Scientists from the University of Barcelona have developed an AI app called Marlit that detects floating marine litter in aerial photos.
The system could help clean up the 8 million tons of plastic trash that enter our oceans every year, harming marine species, human health, tourism, and the climate.
The litter is typically assessed by direct observations from boats and planes. But the vast ocean areas and volumes of data make it hard for researchers to accurately monitor the impact.
Marlit reduces the workload by applying AI to images of the seas. In tests, the system automatically spotted and quantified floating plastics with a reliability of over 80%.
“Automatic aerial photography techniques combined with analytical algorithms are more efficient protocols for the control and study of this kind of pollutants,” said study first author Odei Garcia-Garin.
The system is powered by a deep learning approach that uses convolutional neural networks (CNNs) capable of learning from unstructured or unlabelled data.
The models were trained on over 3,700 images of the Mediterranean coast in Catalonia taken by drones and aircraft. Half of the photos contained floating marine macro-litter (FMML), while the other half were litter-free.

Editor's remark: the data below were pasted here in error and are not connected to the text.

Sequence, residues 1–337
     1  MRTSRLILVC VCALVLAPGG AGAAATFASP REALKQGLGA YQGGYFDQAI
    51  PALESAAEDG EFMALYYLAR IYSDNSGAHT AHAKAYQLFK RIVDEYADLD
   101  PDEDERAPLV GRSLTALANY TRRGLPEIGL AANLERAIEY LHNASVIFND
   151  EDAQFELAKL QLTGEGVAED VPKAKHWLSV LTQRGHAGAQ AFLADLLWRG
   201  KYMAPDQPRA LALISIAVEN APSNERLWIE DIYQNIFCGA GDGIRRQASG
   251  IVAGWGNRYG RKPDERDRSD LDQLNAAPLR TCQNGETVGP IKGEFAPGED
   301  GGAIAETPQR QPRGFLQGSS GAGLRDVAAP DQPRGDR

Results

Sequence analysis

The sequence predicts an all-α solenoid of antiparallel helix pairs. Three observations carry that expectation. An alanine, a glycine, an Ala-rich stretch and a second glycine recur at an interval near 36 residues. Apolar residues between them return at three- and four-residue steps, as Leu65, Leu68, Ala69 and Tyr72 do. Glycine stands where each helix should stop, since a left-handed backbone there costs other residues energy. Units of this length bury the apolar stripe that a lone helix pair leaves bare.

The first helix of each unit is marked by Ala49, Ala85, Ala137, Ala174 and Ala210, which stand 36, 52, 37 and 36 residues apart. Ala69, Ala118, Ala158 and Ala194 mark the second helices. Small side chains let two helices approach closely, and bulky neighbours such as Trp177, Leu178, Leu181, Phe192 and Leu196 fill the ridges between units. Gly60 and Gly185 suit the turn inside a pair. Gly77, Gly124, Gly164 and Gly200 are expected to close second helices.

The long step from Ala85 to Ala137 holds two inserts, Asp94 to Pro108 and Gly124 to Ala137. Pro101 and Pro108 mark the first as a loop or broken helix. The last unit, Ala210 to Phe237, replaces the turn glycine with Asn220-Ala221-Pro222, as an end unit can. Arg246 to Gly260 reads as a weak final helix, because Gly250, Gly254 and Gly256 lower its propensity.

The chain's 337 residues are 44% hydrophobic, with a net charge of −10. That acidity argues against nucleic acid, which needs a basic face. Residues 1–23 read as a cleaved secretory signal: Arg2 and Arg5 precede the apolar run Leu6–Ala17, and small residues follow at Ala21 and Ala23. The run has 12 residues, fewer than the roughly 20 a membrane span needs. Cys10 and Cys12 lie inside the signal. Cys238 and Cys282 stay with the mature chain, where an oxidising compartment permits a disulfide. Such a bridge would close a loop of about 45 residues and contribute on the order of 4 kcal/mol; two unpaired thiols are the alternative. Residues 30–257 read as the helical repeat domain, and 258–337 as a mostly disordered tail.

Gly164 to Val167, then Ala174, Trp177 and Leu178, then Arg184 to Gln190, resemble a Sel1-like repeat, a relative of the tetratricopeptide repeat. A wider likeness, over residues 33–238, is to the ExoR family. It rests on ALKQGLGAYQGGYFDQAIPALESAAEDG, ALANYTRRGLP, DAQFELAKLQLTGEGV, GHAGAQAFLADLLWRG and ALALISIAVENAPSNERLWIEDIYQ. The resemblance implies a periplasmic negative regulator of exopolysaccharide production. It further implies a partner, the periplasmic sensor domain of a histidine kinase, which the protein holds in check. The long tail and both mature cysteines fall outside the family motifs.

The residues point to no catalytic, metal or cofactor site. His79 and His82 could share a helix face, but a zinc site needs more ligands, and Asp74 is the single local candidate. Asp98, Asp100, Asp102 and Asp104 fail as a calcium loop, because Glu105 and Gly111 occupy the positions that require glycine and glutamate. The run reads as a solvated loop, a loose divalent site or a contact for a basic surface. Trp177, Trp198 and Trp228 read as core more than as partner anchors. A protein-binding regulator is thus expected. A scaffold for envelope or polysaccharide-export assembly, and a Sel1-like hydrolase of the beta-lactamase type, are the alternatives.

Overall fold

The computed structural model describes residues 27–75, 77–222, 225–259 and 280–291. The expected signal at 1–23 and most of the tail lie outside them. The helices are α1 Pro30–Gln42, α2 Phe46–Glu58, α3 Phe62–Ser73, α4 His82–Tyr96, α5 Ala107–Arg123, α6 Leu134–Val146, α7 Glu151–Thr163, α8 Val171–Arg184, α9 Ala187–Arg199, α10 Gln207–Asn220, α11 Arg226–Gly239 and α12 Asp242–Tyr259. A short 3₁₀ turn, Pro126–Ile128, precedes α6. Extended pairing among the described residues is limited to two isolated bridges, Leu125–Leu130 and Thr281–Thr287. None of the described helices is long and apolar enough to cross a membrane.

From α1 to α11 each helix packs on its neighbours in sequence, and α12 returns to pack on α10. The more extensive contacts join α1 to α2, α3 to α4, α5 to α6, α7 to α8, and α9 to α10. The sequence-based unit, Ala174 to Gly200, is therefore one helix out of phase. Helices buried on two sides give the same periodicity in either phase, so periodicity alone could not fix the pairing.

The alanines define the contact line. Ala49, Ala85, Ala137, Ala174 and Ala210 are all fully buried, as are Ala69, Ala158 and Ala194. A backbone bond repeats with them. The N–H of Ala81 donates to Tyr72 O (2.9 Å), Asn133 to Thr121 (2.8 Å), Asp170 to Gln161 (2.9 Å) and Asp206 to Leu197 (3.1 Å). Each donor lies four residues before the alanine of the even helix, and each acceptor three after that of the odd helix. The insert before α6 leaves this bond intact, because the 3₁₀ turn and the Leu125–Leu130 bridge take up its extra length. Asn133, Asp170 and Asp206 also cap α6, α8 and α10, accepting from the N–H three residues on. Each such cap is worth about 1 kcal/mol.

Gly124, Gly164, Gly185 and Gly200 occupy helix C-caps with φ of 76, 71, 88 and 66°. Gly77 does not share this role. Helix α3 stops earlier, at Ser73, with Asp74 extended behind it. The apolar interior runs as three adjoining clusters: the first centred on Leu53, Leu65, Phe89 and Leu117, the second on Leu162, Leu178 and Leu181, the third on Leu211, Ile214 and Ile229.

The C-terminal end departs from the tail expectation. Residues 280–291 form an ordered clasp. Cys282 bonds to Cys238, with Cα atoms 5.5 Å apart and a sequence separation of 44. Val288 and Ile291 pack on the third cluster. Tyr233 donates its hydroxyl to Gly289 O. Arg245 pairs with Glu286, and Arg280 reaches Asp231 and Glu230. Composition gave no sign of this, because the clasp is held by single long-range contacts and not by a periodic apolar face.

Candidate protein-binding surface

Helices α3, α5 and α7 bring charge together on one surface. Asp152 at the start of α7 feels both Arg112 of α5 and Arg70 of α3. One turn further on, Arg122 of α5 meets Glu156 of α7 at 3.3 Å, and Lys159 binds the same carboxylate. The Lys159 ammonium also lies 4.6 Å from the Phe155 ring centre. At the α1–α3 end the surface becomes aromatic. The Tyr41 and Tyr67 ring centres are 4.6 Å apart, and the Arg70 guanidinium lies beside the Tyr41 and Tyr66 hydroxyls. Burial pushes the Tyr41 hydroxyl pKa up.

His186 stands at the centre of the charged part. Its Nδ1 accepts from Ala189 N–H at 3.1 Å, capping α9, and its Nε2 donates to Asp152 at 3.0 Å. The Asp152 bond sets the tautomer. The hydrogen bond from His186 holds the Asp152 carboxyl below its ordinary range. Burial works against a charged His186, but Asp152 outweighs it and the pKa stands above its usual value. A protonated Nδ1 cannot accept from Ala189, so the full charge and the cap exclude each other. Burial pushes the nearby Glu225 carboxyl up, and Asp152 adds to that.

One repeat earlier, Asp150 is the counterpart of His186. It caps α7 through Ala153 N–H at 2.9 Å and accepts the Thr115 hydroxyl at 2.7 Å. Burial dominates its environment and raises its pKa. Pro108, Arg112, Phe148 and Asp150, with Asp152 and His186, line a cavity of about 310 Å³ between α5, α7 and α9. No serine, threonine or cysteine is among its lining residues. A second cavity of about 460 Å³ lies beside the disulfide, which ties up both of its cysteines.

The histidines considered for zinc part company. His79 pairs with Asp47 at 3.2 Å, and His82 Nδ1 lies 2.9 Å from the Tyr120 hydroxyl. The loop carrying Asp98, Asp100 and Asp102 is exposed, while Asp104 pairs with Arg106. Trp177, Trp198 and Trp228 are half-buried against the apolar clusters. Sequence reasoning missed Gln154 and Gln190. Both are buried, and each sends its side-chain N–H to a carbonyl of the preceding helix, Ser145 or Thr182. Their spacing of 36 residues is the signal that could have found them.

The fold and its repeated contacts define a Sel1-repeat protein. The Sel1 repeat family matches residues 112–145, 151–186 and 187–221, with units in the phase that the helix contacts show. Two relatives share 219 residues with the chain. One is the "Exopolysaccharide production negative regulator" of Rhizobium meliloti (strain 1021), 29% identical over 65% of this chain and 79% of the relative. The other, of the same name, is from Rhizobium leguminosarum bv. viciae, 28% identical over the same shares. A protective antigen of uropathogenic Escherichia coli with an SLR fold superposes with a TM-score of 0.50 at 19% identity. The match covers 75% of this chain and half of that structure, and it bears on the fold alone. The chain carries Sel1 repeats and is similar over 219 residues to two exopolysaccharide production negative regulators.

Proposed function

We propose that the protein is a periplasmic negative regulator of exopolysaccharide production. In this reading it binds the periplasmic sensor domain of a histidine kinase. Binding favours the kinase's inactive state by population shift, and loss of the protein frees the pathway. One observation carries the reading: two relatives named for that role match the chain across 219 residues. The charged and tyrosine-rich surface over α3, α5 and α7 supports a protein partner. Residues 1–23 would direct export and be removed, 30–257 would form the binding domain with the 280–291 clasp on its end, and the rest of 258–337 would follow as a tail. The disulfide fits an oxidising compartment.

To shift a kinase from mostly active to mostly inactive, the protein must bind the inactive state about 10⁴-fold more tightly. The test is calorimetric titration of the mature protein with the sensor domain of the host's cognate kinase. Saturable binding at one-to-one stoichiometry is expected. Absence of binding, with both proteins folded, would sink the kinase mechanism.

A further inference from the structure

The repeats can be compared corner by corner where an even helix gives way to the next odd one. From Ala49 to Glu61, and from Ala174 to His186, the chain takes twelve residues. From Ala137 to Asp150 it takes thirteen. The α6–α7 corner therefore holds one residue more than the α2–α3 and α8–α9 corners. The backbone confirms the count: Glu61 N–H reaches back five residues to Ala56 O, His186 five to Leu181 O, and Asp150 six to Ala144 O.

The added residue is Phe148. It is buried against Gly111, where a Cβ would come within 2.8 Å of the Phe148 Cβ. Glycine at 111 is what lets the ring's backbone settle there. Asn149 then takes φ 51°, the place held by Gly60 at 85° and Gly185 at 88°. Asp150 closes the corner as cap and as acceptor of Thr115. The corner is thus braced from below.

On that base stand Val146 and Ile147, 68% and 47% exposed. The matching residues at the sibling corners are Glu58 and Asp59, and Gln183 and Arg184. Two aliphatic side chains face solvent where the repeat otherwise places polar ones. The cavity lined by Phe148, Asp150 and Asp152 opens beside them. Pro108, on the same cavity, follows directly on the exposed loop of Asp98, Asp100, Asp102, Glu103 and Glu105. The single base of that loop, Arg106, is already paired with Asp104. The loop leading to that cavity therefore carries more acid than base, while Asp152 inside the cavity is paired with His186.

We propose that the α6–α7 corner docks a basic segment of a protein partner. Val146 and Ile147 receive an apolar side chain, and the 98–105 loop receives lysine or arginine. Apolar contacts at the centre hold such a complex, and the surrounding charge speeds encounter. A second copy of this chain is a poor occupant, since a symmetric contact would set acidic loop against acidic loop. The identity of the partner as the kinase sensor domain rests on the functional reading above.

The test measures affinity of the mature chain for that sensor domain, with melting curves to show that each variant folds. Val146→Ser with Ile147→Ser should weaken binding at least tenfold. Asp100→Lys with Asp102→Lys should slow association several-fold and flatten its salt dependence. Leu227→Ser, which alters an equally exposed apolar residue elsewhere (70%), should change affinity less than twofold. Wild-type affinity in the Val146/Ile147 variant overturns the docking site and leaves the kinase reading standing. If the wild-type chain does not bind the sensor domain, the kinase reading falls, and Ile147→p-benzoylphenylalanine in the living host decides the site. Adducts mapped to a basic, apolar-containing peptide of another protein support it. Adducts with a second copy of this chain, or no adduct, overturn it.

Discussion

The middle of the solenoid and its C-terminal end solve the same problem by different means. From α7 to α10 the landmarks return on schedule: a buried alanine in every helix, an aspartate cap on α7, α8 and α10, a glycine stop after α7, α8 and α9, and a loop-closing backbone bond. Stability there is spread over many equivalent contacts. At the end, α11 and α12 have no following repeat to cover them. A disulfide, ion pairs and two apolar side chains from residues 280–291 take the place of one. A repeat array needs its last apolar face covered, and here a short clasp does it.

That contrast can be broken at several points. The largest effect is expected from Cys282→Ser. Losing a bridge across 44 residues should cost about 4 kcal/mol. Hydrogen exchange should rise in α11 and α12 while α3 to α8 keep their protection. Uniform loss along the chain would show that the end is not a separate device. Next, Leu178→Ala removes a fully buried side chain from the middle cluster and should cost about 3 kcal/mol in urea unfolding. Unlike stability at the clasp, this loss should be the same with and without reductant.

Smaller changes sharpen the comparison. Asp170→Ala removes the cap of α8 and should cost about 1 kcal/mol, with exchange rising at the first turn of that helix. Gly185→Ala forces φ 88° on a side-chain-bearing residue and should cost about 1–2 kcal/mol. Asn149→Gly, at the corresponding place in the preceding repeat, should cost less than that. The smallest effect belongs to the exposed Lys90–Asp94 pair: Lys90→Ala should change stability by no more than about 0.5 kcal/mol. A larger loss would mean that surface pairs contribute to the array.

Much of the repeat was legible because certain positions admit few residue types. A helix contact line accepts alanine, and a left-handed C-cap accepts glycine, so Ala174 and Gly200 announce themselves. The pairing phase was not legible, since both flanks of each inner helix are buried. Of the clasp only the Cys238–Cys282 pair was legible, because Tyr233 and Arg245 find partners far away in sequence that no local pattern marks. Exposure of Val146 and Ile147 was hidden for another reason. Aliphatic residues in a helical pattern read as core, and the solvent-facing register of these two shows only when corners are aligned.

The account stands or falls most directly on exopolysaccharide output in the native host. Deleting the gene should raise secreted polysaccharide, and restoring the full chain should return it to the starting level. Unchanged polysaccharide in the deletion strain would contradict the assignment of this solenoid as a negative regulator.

The researchers then used an R package called Shiny to convert the system into the Marlin app.
Marlit analyzes individual images and divides them into sections that enable the identification of floating litter in each area.
It also uses the height and resolution from the images’ metadata to estimate the trash’s density.
The researchers hope to adapt Marlit into a remote sensor on a drone that can automatically detect plastic litter from the sky.
The proof-of-concept web app is now available to all professionals studying the detection and quantification of FMML with aerial images.
It joins a growing range of efforts to spot plastic pollution with AI.
The systems have the potential to continuously monitor marine environments, and ultimately make our oceans a cleaner place for all.
You can read the Marlit study paper in the journal Environmental Pollution.